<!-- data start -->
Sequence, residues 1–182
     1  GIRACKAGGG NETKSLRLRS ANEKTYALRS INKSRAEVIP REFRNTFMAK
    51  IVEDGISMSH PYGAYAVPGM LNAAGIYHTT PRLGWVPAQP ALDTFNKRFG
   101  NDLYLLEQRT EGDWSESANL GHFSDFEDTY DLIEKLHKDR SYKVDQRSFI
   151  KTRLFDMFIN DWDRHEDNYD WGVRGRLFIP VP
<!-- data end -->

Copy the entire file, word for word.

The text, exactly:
Sequence, residues 1–182
     1  GIRACKAGGG NETKSLRLRS ANEKTYALRS INKSRAEVIP REFRNTFMAK
    51  IVEDGISMSH PYGAYAVPGM LNAAGIYHTT PRLGWVPAQP ALDTFNKRFG
   101  NDLYLLEQRT EGDWSESANL GHFSDFEDTY DLIEKLHKDR SYKVDQRSFI
   151  KTRLFDMFIN DWDRHEDNYD WGVRGRLFIP VP